Do you have an activity that brings you joy within a community of like-minded individuals and is part of your weekly routine? If so, you are on the right track to an enjoyable retirement. Many people put off their passions and think they’ll start up the habit when they don’t have so many responsibilities. I’d like to challenge you to consider taking them up sooner rather than later.
The reason I feel this is so important stems from a talk that I had with an acquaintance about her parents who live on Oahu. Their mom is experiencing some memory loss, but still shows up for her tee times every Wednesday and Saturday because that’s what she’s done throughout her life. Biweekly golf not only keeps her physically active, it also gets her out of the house and into a social environment.
This is why I believe it’s valuable to get habits ingrained early. Her muscle memory for the sport is so strong she can keep it up with ease, and the habit is so deeply ingrained in her that she kept the routine to maintain her hobby. For those who develop memory loss, the things they learned more recently are the things forgotten first.
If you’ve been close to someone with dementia, you may have noticed that they forgot newer friends and in-laws before they forgot siblings. They also tend to forget their current history and primarily share stories from decades prior. Often they get to a point, especially with Alzheimer’s, in which the only person that seems familiar in their mind’s eye is their parent.
I suggest that you take time to contemplate hobbies that will be rewarding in older age. Be sure to think realistically about the resources you are likely to have in order to maintain these activities, what you would do if you are no longer ambulatory, the type of people you will be surrounded by in these activities and whether or not you can continue to enjoy it if you become forgetful.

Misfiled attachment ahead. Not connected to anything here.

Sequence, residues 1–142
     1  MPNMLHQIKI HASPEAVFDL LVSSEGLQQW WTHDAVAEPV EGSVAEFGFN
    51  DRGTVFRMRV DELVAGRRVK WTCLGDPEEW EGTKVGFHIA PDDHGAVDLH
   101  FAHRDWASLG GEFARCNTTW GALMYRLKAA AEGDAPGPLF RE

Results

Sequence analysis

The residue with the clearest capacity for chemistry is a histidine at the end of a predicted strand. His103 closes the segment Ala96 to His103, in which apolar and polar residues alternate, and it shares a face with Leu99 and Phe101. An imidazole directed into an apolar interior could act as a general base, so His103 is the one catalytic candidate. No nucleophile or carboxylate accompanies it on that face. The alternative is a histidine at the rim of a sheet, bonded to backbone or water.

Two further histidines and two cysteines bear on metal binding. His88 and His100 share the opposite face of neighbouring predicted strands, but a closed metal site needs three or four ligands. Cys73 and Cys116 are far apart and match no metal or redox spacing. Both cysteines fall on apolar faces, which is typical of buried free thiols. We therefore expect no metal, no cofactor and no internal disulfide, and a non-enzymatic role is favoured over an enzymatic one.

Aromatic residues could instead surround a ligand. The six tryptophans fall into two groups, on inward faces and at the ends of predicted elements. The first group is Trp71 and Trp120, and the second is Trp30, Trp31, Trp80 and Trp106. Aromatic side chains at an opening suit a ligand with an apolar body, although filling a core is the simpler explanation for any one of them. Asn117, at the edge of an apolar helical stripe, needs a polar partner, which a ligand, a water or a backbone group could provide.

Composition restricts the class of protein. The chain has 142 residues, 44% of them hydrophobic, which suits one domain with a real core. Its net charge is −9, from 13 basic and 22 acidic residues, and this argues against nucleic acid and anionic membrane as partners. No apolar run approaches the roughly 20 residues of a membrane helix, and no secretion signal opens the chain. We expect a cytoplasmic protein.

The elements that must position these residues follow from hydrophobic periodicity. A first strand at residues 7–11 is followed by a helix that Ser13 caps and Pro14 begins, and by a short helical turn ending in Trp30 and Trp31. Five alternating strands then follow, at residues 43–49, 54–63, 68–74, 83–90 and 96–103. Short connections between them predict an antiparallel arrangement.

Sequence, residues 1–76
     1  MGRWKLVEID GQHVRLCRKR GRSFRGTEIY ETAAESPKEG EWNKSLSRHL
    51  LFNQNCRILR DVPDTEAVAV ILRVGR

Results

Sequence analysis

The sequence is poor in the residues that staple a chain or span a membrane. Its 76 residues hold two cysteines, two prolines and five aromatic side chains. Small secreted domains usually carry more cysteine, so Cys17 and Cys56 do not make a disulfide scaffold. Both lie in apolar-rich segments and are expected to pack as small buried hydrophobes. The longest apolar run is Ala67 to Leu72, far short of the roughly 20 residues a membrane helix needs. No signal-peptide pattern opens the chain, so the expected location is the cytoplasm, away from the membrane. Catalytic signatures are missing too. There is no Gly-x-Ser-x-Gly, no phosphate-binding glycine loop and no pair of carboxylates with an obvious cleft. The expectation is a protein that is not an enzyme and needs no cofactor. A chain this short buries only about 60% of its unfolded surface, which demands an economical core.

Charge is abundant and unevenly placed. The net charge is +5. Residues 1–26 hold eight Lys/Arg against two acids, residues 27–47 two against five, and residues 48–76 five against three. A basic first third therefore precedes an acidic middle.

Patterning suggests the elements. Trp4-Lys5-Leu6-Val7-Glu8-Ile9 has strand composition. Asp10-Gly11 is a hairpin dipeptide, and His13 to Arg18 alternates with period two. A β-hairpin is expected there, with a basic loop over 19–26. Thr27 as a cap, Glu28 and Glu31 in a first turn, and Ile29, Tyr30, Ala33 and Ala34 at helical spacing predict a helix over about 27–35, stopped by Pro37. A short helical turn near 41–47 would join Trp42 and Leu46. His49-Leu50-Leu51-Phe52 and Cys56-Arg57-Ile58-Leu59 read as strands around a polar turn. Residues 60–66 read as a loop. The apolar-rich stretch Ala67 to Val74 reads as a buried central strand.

Some suggestions that I’ve come up with based on active seniors I know are: weekly tennis games, church choirs, art clubs, hula halaus, qi gong, golf, water aerobics, hiking clubs, Blue Zones events and seated yoga classes. Our community is very active, so we have endless opportunities here. Tutu’s House and Anna Ranch are only a couple of organizations that offer numerous opportunities to participate in and make some new friends who share common interests.
Even if you already have a full plate, remind yourself that you’re the one who put the portions on your plate in the first place. Simply adjust the portion size to fit in something on there that will carry you through to add value to your later years. As a bonus, you’ll have a lot more fun in the here and now if you do so.
Karyn Clay began caring for older adults 23 years ago and earned a B.A. in Gerontology from SDSU in 1998. She founded Ho’oNani Day Center in 2002 and Ho’oNani Care Home in 2015, which are located on the same property in Kamuela. She invites readers to join her Caregiver Conversations gatherings at Tutu’s House the 1st Wednesday of every month, and on YouTube with her Karyn’s Caregiving Support series.